Warner Bros' Secret Origin: The Story of DC Comics narrated by Green Lantern Movie's Ryan Reynolds…

Another Blu-Ray or DVD for my pull list. What was heard:

Warner Home Entertainment and DC Comics premiered their new documentary film “Secret Origin: The Story of DC Comics” at Comic-Con International in San Diego. The film, which will be released this November straight to DVD, chronicles the 75-year history of DC Comics…

…The movie started with the very beginning of DC history in the 1930s and went all the way up to the modern era. It features interviews with people from every angle of DC’s history including Alan Moore, Grant Morrison, Neil Adams, Paul Pope, Joe Kubert, Gerrard Jones, Chip Kidd, Louise Simonson, Denny O’Neill, Neil Gaiman and many more.

The film was narrated by Green Lantern star Ryan Reynolds.

The film featured a lot about the origins of Superman from creators Jerry Siegel and Joe Shuster and how the hero came to be at DC, as well as how Bob Kane and Bill Finger came up with Batman as a response. It also went in to Wonder Woman’s creation and how she became a feminist icon.

The film also tended to focus a lot on DC heroes in other media, especially Batman and Superman. In particular the movie craze eras of both 1979 “Superman” film and 1989’s “Batman” received significant attention. The Comics Code Authority struggle of the 1950s is also heavily featured as well as Denny O’Neill’s classic “Green Lantern / Green Arrow” run.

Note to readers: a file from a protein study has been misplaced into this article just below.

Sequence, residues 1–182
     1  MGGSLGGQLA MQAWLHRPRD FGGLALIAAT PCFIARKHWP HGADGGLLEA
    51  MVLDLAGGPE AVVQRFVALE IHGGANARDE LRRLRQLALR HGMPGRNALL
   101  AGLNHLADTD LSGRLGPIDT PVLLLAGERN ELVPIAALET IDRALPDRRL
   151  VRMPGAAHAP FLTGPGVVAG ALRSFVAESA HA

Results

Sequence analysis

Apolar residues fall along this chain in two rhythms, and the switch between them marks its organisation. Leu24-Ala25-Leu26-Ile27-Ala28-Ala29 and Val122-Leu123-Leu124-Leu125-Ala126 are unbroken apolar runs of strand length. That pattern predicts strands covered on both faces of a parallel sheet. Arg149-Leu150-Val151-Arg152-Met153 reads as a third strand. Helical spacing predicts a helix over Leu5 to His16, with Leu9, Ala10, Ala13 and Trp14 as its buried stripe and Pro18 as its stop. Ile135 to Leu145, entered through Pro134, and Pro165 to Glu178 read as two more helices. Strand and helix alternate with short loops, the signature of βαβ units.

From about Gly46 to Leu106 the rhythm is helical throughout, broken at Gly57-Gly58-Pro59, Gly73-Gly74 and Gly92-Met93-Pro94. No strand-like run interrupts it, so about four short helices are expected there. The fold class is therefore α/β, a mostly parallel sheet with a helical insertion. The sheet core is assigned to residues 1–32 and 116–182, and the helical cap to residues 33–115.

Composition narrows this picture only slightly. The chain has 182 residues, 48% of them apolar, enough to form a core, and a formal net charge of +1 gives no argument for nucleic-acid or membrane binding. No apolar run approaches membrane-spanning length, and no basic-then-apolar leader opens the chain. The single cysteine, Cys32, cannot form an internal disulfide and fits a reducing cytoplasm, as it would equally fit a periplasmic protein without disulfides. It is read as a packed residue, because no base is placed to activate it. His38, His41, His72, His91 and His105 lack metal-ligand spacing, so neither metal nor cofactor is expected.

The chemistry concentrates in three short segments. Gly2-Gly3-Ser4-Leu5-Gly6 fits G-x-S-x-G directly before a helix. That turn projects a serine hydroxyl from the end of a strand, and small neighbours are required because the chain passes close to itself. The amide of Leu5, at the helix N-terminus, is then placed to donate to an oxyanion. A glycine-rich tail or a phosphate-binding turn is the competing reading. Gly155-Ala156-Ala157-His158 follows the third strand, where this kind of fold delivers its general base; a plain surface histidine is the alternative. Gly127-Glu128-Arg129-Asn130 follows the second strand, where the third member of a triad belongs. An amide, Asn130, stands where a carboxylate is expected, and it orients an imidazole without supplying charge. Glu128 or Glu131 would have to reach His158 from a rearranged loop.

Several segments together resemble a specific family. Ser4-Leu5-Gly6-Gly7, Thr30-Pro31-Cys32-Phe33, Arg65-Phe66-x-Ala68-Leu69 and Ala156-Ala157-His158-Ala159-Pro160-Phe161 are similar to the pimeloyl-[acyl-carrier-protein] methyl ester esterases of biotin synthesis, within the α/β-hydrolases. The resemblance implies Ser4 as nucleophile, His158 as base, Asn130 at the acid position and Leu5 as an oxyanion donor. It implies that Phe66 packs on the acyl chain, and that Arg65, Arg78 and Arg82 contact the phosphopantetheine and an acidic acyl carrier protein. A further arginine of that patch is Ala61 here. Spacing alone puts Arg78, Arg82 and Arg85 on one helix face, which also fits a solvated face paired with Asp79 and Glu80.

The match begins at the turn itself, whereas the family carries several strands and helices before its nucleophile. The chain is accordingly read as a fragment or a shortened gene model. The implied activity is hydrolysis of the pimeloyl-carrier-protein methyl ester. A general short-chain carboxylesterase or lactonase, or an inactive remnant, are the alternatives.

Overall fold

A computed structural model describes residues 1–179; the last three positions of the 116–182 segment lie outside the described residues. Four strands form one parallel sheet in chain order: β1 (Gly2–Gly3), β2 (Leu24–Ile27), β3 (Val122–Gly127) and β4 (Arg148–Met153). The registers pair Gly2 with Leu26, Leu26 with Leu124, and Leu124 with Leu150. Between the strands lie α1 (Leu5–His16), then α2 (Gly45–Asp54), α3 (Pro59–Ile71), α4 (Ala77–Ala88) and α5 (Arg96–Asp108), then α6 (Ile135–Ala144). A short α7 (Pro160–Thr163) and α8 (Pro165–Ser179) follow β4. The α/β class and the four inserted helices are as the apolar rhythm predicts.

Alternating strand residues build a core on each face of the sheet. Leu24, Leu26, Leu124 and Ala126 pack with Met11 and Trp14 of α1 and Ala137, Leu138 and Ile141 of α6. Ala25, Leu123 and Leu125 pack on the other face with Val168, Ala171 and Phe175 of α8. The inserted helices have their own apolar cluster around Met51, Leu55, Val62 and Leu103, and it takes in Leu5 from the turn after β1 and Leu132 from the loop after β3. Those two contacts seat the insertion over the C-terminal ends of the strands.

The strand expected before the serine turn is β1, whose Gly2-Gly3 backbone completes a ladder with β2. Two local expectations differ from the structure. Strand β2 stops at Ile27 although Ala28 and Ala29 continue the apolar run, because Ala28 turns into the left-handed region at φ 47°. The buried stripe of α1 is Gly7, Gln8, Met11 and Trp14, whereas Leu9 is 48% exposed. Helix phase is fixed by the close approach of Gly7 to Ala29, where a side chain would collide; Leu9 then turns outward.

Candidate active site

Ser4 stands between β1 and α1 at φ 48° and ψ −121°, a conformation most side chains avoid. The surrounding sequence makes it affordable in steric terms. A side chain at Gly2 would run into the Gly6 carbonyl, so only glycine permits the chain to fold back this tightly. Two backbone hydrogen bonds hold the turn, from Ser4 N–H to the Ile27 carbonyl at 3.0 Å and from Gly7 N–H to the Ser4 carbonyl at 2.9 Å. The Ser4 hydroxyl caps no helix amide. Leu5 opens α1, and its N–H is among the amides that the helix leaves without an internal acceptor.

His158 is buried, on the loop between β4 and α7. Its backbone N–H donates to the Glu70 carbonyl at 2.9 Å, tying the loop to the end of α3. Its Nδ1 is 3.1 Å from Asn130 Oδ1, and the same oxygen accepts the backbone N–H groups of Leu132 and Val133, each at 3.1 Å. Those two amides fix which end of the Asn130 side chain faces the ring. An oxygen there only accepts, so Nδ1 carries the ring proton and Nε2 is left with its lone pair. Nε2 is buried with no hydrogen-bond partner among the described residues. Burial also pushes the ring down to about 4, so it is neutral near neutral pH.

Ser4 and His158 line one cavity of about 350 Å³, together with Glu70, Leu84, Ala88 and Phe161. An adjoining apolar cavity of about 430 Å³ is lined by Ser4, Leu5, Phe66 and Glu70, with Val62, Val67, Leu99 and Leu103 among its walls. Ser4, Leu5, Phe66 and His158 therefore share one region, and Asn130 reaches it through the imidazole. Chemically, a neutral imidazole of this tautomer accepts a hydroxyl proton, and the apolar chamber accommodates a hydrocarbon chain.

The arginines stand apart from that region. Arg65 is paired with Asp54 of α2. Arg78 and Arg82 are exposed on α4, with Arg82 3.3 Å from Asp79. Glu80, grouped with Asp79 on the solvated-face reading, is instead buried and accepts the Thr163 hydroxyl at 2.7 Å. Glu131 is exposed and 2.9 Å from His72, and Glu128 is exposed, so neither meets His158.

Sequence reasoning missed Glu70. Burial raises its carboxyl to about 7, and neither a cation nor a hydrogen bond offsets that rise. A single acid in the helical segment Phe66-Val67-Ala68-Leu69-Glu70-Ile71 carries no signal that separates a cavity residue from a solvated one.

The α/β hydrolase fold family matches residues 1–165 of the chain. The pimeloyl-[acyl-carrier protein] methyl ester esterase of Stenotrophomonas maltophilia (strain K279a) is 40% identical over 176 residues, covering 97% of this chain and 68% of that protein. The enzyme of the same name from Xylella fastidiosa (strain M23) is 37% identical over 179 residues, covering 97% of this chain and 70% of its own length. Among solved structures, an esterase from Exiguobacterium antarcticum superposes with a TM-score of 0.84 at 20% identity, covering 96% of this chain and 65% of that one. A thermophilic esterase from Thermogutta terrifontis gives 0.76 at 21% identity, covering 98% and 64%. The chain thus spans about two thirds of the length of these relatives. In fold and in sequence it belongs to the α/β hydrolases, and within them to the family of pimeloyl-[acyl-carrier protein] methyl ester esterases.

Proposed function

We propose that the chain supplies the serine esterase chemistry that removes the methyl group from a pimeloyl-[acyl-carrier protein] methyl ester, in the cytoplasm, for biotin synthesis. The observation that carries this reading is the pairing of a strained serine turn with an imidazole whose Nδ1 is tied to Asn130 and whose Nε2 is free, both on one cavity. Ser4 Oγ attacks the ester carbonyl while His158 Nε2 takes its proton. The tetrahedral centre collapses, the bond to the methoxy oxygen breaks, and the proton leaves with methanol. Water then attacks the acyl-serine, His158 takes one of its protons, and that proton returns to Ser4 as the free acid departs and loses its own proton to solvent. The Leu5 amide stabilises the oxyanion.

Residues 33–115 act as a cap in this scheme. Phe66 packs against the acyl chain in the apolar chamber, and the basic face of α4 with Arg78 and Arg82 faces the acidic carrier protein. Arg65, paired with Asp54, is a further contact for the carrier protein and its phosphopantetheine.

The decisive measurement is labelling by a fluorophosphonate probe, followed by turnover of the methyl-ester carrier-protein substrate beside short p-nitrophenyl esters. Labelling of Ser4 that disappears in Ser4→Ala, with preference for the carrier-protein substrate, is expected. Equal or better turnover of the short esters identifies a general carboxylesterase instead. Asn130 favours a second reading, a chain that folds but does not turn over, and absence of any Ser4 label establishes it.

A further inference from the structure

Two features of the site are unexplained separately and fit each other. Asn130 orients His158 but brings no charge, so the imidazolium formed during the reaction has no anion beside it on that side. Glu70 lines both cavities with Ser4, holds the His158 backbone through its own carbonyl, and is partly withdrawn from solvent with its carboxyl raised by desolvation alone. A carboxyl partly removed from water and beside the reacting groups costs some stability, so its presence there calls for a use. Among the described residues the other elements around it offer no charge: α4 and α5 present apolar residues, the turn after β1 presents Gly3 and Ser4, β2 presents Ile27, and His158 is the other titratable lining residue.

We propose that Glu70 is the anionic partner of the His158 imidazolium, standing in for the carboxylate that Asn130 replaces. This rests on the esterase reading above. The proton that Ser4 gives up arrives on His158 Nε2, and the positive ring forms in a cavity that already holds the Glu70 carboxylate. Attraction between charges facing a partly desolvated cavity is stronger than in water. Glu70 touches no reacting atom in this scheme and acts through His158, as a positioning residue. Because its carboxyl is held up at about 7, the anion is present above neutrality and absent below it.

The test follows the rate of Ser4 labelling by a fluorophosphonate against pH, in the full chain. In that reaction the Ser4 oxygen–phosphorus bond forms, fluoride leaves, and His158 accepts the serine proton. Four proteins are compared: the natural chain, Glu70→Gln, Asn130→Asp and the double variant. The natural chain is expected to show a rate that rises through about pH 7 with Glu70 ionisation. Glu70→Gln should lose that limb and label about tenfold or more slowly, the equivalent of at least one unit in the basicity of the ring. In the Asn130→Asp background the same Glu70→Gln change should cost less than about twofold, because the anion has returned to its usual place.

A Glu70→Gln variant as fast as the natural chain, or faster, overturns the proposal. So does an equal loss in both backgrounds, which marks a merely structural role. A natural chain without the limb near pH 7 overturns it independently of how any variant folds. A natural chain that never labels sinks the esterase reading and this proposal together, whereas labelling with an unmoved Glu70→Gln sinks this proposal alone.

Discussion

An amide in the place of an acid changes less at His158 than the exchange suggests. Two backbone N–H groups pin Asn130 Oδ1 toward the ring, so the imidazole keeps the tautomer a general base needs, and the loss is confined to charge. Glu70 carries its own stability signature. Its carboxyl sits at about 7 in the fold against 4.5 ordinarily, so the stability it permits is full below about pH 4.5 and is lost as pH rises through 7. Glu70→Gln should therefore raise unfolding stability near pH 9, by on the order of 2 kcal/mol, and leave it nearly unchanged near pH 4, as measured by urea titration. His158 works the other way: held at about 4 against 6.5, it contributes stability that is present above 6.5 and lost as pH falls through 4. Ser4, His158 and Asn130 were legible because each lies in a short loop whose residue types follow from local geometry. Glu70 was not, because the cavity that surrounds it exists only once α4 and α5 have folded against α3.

One of the most touching moments in the film comes when discussing the “Death of Superman” storyline from the early ’90s. Louise Simonson, who wrote part of the event, was interviewed and asked about the motivations behind the story. She was so moved by the thought of a world with out Superman that she burst in to tears. Her emotional attachment to Superman was so great that she couldn’t even bring herself to think about when they had to kill the heroic icon.

This attachment to DC characters proved to be the heart and soul of the film, and not, surprisingly, the comic books themselves, as the film tried to show how these characters transcend mediums.

Source: CBR

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